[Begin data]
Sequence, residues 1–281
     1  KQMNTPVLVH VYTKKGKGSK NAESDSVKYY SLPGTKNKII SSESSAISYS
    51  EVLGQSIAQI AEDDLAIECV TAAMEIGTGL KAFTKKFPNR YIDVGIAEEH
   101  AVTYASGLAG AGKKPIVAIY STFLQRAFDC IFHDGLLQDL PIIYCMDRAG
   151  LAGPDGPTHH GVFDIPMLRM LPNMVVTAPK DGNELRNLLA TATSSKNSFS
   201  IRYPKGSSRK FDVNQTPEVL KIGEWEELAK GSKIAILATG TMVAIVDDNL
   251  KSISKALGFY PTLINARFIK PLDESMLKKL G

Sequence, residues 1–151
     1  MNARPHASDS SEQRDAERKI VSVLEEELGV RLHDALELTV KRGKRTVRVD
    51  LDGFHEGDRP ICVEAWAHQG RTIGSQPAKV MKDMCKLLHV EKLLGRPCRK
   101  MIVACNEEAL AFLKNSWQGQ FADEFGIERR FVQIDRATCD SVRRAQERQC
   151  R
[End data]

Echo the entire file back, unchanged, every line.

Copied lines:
Sequence, residues 1–281
     1  KQMNTPVLVH VYTKKGKGSK NAESDSVKYY SLPGTKNKII SSESSAISYS
    51  EVLGQSIAQI AEDDLAIECV TAAMEIGTGL KAFTKKFPNR YIDVGIAEEH
   101  AVTYASGLAG AGKKPIVAIY STFLQRAFDC IFHDGLLQDL PIIYCMDRAG
   151  LAGPDGPTHH GVFDIPMLRM LPNMVVTAPK DGNELRNLLA TATSSKNSFS
   201  IRYPKGSSRK FDVNQTPEVL KIGEWEELAK GSKIAILATG TMVAIVDDNL
   251  KSISKALGFY PTLINARFIK PLDESMLKKL G

Sequence, residues 1–151
     1  MNARPHASDS SEQRDAERKI VSVLEEELGV RLHDALELTV KRGKRTVRVD
    51  LDGFHEGDRP ICVEAWAHQG RTIGSQPAKV MKDMCKLLHV EKLLGRPCRK
   101  MIVACNEEAL AFLKNSWQGQ FADEFGIERR FVQIDRATCD SVRRAQERQC
   151  R